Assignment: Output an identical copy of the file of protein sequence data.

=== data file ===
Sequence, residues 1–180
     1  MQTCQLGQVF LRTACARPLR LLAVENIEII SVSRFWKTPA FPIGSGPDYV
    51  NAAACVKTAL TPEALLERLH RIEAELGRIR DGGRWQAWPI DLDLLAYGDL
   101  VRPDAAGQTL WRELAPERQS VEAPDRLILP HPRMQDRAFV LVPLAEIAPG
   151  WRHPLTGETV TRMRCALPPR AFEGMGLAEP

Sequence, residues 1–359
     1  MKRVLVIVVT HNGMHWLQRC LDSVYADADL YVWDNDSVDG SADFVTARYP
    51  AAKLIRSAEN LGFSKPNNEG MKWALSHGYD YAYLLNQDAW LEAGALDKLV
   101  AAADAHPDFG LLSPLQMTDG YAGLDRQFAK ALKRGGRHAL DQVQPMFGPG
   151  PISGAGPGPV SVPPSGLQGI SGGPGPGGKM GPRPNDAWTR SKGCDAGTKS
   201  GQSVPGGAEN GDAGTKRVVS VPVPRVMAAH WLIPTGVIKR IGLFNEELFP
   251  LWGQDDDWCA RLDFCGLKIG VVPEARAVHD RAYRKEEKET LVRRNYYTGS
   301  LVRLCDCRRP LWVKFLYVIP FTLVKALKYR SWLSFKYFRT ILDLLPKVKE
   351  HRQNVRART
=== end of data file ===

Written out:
Sequence, residues 1–180
     1  MQTCQLGQVF LRTACARPLR LLAVENIEII SVSRFWKTPA FPIGSGPDYV
    51  NAAACVKTAL TPEALLERLH RIEAELGRIR DGGRWQAWPI DLDLLAYGDL
   101  VRPDAAGQTL WRELAPERQS VEAPDRLILP HPRMQDRAFV LVPLAEIAPG
   151  WRHPLTGETV TRMRCALPPR AFEGMGLAEP

Sequence, residues 1–359
     1  MKRVLVIVVT HNGMHWLQRC LDSVYADADL YVWDNDSVDG SADFVTARYP
    51  AAKLIRSAEN LGFSKPNNEG MKWALSHGYD YAYLLNQDAW LEAGALDKLV
   101  AAADAHPDFG LLSPLQMTDG YAGLDRQFAK ALKRGGRHAL DQVQPMFGPG
   151  PISGAGPGPV SVPPSGLQGI SGGPGPGGKM GPRPNDAWTR SKGCDAGTKS
   201  GQSVPGGAEN GDAGTKRVVS VPVPRVMAAH WLIPTGVIKR IGLFNEELFP
   251  LWGQDDDWCA RLDFCGLKIG VVPEARAVHD RAYRKEEKET LVRRNYYTGS
   301  LVRLCDCRRP LWVKFLYVIP FTLVKALKYR SWLSFKYFRT ILDLLPKVKE
   351  HRQNVRART